• Ironically, Parler itself has now been removed

    Most people suspect there’s something not quite right about social media companies like Facebook and Twitter, but they can’t put their finger on what it is.

    That’s why you’ve always seen a lot of new social media platforms springing up, each trying to offer their own point of differentiation to the traditional platforms.

    Years ago, all the rage was Snapchat. They believed the problem with Facebook and Twitter was the way that content stayed there forever. Snapchat was different because each post to Snapchat would self-destruct after a short time being published.

    But, most of these new social media platforms end up self-destructing too.

    You certainly don’t hear much about Snapchat anymore, and Parler has perhaps self-destructed in an even more spectacular way.

    Parler believed the problem with Facebook and Twitter was that they throttle free speech by removing unpopular content. Parler was different because it promised to be a platform that would not remove anyone’s content.

    Ironically, Parler itself has now been removed by Amazon, Apple and Google.

    That doesn’t mean that Facebook and Twitter are laughing. The free speech concept that defined Parler is an extremely uncomfortable line to tread for the other social media platforms.

    If I host a website myself, I have total freedom over what I choose to publish there. I can ask you to contribute some of the content, but I can always say no to your content if I don’t think it will help me make money from my website.

    Facebook is no different. They CAN choose to say no to anything at all, and sometimes they have good reason to.

    Think of the video of the New Zealand massacre. Facebook practically has no choice other than to take down content like this. If they didn’t, not only would it make Facebook extremely unpopular with the public, but it basically invites Facebook’s worst enemy. The R-word.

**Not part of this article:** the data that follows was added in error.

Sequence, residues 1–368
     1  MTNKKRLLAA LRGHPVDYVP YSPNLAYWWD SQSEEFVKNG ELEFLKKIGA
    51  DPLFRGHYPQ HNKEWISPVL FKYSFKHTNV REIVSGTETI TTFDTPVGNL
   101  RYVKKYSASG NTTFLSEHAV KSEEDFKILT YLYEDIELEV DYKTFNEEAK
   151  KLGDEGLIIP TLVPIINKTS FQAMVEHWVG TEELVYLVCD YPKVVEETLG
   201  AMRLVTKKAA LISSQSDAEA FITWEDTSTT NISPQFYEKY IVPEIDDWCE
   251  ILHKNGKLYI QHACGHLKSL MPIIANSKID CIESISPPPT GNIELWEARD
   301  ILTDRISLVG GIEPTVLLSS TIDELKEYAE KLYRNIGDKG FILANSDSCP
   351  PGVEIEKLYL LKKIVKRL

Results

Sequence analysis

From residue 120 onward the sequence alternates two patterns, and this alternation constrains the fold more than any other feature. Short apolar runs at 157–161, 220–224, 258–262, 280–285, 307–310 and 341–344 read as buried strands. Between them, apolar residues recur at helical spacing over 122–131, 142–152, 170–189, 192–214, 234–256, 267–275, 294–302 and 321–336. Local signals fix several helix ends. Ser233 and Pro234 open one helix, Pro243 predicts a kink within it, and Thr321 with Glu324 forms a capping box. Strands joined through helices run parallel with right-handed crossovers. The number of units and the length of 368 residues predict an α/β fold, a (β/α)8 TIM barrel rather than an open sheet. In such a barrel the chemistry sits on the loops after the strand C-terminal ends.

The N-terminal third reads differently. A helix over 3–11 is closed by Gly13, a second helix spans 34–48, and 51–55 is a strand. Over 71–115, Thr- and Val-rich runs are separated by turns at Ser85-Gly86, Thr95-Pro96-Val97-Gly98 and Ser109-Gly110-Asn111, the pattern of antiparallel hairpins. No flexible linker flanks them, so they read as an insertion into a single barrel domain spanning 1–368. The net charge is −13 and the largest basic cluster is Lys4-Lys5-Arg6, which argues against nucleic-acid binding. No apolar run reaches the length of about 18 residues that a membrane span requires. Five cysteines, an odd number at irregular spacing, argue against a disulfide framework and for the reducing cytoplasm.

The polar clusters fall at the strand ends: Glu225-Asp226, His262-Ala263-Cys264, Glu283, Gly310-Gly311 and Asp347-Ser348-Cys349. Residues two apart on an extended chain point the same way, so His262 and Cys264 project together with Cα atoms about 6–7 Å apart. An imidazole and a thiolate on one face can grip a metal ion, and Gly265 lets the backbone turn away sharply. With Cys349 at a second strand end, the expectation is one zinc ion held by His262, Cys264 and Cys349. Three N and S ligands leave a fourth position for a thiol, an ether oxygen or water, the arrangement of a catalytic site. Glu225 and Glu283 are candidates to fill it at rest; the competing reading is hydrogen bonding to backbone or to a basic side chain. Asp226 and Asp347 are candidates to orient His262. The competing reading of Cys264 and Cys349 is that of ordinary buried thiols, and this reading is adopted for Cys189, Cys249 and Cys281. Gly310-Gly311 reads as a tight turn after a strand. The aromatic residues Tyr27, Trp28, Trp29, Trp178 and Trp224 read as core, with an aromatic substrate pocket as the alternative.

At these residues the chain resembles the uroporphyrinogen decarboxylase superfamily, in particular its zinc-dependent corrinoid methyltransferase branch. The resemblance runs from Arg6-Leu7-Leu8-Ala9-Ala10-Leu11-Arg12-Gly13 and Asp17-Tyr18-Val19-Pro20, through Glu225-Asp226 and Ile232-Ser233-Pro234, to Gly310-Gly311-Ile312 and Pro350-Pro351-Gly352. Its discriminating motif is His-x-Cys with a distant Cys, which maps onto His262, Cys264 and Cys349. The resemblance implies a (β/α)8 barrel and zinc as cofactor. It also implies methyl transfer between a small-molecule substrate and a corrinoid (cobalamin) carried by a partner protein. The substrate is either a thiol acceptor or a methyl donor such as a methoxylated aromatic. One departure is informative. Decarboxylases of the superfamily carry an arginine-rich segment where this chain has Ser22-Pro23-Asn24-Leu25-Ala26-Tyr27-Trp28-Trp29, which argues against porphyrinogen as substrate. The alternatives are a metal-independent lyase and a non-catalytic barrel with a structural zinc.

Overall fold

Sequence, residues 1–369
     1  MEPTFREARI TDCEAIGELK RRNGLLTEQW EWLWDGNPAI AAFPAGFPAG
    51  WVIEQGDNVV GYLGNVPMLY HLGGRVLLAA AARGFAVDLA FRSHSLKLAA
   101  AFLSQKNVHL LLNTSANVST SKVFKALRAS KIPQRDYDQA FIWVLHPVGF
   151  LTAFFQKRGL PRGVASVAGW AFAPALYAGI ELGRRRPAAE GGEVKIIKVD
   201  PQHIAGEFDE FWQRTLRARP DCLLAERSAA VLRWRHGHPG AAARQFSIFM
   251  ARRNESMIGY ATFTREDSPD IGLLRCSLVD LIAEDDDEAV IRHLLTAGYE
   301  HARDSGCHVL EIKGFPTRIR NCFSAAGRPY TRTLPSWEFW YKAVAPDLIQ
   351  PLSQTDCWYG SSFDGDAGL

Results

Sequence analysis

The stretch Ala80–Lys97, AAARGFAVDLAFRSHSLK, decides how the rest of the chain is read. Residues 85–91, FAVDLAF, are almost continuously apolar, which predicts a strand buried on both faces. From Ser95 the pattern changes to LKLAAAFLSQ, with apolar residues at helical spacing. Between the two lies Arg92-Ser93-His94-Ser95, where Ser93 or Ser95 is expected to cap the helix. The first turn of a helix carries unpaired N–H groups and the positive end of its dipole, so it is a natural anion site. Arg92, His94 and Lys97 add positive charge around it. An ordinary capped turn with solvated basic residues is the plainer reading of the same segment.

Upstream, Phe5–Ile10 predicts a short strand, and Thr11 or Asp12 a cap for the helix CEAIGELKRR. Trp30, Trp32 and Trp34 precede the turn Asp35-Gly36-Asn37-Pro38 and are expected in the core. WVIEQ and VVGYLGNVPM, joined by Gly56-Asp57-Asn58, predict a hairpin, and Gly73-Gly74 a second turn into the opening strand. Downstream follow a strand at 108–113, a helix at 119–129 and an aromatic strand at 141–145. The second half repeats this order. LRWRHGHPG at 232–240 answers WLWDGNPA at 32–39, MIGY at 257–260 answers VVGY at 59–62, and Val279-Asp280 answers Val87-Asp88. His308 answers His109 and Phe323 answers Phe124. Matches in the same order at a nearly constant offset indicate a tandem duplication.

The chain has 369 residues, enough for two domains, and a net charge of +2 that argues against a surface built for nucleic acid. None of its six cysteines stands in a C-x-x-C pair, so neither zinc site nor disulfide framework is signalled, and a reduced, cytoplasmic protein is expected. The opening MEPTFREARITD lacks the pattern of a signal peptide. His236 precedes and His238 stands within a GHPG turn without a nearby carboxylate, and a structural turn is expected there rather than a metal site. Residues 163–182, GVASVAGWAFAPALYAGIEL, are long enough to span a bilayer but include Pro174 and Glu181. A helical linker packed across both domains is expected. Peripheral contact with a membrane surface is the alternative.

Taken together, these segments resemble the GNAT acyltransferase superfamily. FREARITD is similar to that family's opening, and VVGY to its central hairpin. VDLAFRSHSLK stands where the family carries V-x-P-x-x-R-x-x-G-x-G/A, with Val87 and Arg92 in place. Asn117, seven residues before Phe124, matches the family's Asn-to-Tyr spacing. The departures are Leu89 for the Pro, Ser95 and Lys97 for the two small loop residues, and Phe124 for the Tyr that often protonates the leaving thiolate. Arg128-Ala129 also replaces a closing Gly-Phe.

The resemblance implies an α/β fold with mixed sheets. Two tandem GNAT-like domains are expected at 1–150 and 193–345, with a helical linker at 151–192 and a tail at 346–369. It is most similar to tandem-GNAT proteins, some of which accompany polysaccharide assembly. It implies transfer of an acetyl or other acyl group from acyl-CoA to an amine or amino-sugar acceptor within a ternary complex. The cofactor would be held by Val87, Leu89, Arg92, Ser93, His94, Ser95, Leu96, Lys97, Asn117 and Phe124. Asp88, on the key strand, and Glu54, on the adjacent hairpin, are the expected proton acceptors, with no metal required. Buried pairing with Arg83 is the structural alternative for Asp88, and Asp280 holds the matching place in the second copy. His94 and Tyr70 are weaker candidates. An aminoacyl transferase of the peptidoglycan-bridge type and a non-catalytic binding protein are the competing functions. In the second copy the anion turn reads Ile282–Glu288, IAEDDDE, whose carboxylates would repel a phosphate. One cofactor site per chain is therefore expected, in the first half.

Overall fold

REGULATION.

    If Facebook voluntarily takes down the worst of the worst content, the urgency for governments to regulate Facebook is slightly dampened. That’s, of course, what Facebook wants. Regulation is likely to cause big damage to Facebook’s bottom line.

    But, there is potential for small damage too. If my content is drop-dead boring, and it makes my followers want to switch off from Facebook, then it represents an opportunity cost for Facebook. If Facebook replaces my content with someone else’s more engaging content, people will stay longer and more ads will get clicked.

    Not all content is equal. Some content is very valuable to Facebook, while other content is an opportunity cost or even a liability. And, they are always going to prioritise the more valuable kind in their algorithms.

    But, they don’t want it to LOOK that way. They want it to look like all content is welcome. That Facebook is a place for “free speech.”

    Why? Because the more they prove they are NOT a place of “free speech,” the more people will start to switch on to the fact that Facebook is simply after the most valuable content that makes the most money.

    And, if your content is valuable and has the potential to make money, doesn’t it make sense that you should get compensated for it?

    Facebook doesn’t want people to think in this way. They don’t want to have to pay people for their content. That’s why they try to find a balance between “free speech” and editorial control, but the balance is becoming harder to find in the current climate.

    Hopefully, one day Facebook will be cornered, and people like you and I will be able to make money by posting to Facebook.

    In the meantime, there are smaller social media platforms that do pay you for whatever your content is worth. You can find out about them by joining The Online Economy and taking the 10-steps of training included within.

    If you haven’t joined The Online Economy yet, go to: https://theonlineeconomy.com


  • Online publishing can be compared to book publishing

    Book authors know there are two ways to publish books: traditional publishing and self-publishing.

    When self-publishing, it’s your job to arrange all the tasks of printing, editing, distribution, etc, and take on all the associated costs. You also get to keep the full revenue from your book sales.

    In the past, the publishing process was more difficult than it is now, so book authors didn’t do it themselves. Instead, they let specialised companies take care of the publishing process for them.

    These companies are the traditional publishers. Their business model is to seek out good authors, take on all the costs of publishing their books, and pay them royalties for their book sales.